Ahhh now the inspiration behind today’s post is that I have noticed people finding my blog looking for the good old FileNET Panagon Capture objects – such as a RepServer, RepObject and how to unlock these components….
Now it has been a little while since I was programming in Panagon Capture, but this is the environment I first cut my teeth on when leaving uni. (Panagon Capture, is a document capture environment for the FileNet Image Services, Doc Management repositories). Panagon Capture has seen me working all over the UK, Ireland and places of Europe implementing capture solutions for FileNET implementations. From leaving uni, it was getting dropped in the deep end, but I have to say I enjoyed it – and it was how I made a name for myself at my first place of work…
Things to remember with the Capture object model
Ok well first things first, the Capture object model got slated in its early days, it was too confusing to pick up and many people struggled with it. However, I actually think it is quite elegant in places (sorry). So why did it get slated, well primarily because no matter what you are working with, you always have the same object – RepObject. So if I am working with a particular scanned page / image, I have a RepObject. If I am working with a document, it’s a RepObject, if a separator a RepObject, a batch, a RepObject …. So you can see it can get confusing…
In addition, it is also worth remembering that many of the features of Capture are ActiveX COM components (OCX controls). These are used to wrap up a bunch of functionality – typically the actual Scan process, Capture Path configuration, Document Processing options etc.
Capture out of the box
Now the Capture environment out of the box is ok, not great, ok. It can get confusing when trying to use it in a real production environment – I will explain why in a moment. Key things to remember here is to ensure Batches are the only objects you can see floating around from the root of the Capture environment. If you have images, or documents, then you are asking for trouble. In addition, separate all your capture paths into another folder (if you choose to use these – I recommend you don’t to be honest – well not in the way Capture encourages you too).
Always remember, that Capture out of the box is a good tool to monitor what is going on with your software if you are using the API to create your own FileNET capture applications. It does help, if only for logic checks.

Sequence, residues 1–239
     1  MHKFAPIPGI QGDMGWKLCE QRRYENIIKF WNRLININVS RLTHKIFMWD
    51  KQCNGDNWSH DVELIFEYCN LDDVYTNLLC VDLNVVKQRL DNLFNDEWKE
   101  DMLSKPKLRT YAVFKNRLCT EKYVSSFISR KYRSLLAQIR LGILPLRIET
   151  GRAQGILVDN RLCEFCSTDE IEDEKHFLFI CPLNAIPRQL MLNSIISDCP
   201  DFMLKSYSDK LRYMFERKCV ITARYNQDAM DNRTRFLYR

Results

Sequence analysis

The object model
In my early days working with Capture – it was hard to logically separate out functionality and implementations of classes etc. It was even harder to then put this in a way other developers could pick up quickly and easily. Because of this I decided to “wrap” up the Capture object model so that it logically made more sense to others in the company, and in addition to logically separate out functionality and instances of particular types of RepObjects (there is a nodeType property that helps identify the type of object you are working with e.g. Batch, Document). I strongly urge people to do this; it helps no end and makes developing your own Capture applications a lot easier. If you don’t have time to do this – or the in-house skills, perhaps look at purchasing a “toolkit” that an old FileNET VAR may have written. My old toolkit is probably still in circulation, but it is written in COM. If anyone wants it, I can put you in touch with the company that owns the IPR to it (an old employer).
By wrapping up the Capture object model into your own, it makes life a lot easier, especially for things like identifying types of objects, as your own object model should have objects such as “Batch”, “Document”, “Image”, “Server” etc. These objects can then logically contain relevant information and functions. A good example is status. Unfortunately you cannot unlock batches when they are being processed (unless you are an admin user). This means you need to check a status of a batch to see if it can be unlocked. Within your own object model this is easy and needs only be written and wrapped once (you see why life can get easier with your own object model). This makes life a lot easier in a real world environment when your capture environment is a workflow in itself.
Separate out the capture environment